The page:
Wednesday, July 1, 2015

Great Sand Dunes National Park, Colorado - Hiking

After soaking in the hot springs at Mt. Princeton, Roger and I continued south to Great Sand Dunes National Park and Preserve.  An hour before we arrived at the park, the dunes came into view as a tan colored blotch against the dark grey 14,000 foot peaks of the Sangre de Cristo Mountains.  The sand dunes are an unexpected surprise in a landscape that is dominated by commanding peaks and rolling grasslands.  They seem out of place, but a rare combination of geography and geology explains the presence of the giant dunes and makes the park such a unique place to visit.

Entering Great Sand Dunes National Park

Great Sand Dunes National Park

Great Sand Dunes National Park

It was evening when we arrived in the park so we decided to set up and camp and relax, saving the hiking and exploring for the next morning.  We camped at the Pinyon Flats Campground inside the park with sites that can be reserved in advance.  I made our camping reservation in February and I was shocked that only a few sites were available so far ahead of time.  The place was packed and many sites had limited shade and privacy, but we lucked out with a fairly nice spot.  The next morning we headed down to the dune access area and made our way out into the giant sandbox.

View of the dunes from the visitor center

Grass in the dunes

Exploring the sand dunes

Beautiful views from the dunes

One of the most interesting aspects of the park is Medano Creek, a seasonal flow of water that skirts the edge of the dune field.  Medano Creek flows as snow melts from the surrounding peaks, transporting and recycling sand from the mountains back down to the dunes and feeding the wetlands of the San Luis Valley with fresh water.  In addition to being the life blood of the dunes system, Medano Creek is immensely fun to play in, with many people visiting the park to enjoy its beach-like features.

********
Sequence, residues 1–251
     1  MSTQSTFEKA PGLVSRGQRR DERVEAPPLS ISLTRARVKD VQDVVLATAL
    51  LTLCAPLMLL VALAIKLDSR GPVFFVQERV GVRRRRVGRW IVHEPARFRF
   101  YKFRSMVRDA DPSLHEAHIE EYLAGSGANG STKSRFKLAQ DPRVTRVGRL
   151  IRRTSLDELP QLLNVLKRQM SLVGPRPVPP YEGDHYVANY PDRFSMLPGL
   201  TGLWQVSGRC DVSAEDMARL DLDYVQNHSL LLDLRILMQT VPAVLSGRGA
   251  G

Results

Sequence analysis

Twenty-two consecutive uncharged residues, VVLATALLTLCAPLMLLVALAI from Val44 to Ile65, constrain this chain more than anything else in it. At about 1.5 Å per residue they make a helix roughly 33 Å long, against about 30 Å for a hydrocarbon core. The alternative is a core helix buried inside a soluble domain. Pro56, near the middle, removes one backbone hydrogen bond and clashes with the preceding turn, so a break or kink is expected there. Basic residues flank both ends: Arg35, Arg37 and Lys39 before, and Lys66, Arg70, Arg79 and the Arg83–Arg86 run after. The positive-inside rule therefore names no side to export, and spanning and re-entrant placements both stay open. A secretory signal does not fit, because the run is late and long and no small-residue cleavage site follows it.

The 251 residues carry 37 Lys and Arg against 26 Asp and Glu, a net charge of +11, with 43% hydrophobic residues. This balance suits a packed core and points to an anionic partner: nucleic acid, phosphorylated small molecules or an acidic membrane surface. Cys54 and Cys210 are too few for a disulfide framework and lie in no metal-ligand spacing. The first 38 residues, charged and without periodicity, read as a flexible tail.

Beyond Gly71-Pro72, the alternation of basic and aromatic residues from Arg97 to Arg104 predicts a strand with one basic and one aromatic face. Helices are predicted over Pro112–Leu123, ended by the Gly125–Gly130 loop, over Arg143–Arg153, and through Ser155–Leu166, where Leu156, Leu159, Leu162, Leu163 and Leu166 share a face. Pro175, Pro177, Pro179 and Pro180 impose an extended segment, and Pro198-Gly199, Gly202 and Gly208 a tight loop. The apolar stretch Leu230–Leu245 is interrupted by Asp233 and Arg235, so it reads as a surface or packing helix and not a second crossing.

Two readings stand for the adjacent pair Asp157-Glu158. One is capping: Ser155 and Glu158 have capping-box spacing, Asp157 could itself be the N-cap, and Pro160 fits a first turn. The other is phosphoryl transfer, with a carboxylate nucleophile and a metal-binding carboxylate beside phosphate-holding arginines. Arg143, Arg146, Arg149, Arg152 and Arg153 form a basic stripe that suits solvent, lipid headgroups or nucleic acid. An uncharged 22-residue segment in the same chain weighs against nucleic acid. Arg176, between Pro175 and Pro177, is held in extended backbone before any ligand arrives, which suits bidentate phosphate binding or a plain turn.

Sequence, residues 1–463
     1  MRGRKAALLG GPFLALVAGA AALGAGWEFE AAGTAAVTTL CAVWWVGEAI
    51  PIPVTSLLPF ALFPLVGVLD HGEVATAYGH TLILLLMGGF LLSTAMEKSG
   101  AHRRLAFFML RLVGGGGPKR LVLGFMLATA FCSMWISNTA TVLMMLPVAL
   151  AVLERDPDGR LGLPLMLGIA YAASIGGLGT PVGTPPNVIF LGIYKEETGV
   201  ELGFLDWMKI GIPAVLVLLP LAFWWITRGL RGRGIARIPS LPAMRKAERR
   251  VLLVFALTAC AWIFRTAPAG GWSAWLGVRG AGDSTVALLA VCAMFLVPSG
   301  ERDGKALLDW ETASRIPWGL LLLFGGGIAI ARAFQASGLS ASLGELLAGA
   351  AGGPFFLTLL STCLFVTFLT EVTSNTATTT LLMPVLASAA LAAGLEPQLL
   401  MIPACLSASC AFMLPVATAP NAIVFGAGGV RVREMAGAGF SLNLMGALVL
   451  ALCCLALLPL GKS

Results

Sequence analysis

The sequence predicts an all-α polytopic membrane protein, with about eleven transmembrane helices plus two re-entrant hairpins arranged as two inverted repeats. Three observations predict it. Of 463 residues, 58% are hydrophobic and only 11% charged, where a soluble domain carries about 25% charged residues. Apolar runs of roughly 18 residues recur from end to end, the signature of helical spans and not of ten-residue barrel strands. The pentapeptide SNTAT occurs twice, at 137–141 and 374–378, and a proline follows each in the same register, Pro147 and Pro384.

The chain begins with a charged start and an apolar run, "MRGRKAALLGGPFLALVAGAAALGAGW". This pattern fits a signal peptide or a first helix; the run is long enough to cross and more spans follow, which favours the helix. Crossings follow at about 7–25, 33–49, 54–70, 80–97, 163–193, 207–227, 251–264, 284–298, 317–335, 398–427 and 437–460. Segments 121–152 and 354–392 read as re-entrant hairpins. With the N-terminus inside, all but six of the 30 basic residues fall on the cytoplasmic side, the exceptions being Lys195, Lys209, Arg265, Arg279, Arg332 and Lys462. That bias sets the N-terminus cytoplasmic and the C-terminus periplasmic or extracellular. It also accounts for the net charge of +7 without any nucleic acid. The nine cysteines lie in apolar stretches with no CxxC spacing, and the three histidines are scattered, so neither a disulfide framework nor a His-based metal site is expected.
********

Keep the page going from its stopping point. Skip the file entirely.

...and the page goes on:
Walking through Medano Creek

Medano Creek

Enjoying Medano Creek

Great Sand Dunes National Park contains the tallest dune in North America at a height of 755 feet.  After wandering around the dunes for a while and burning our feet in the scorching sand, we finally made our way to this highest pile of sand to enjoy the spectacular views of the entire dune field.  People were sledding down the dunes and splashing in the waters of Medano Creek.  I was surprised at the number of people in the park and happy to see everyone enjoying their time in the great outdoors.  Great Sand Dunes has to be one of the most fun national parks to visit!

Tallest dune in North America

After exploring the dunes and Medano Creek, we decided to hike the 7 mile out-and-back Mosca Pass Trail.  The trail passes through pine and aspen forests and follows a small creek to an open mountain meadow.  There was nothing particularly exciting about the hike, but it was nice to explore some different ecosystems within the park.

Hiking to Mosca Pass

Mosca Pass Trail

Mosca Pass

We spent a second night camping at Pinyon Flats and packed up on Wednesday morning for the drive to our next adventure in Colorado.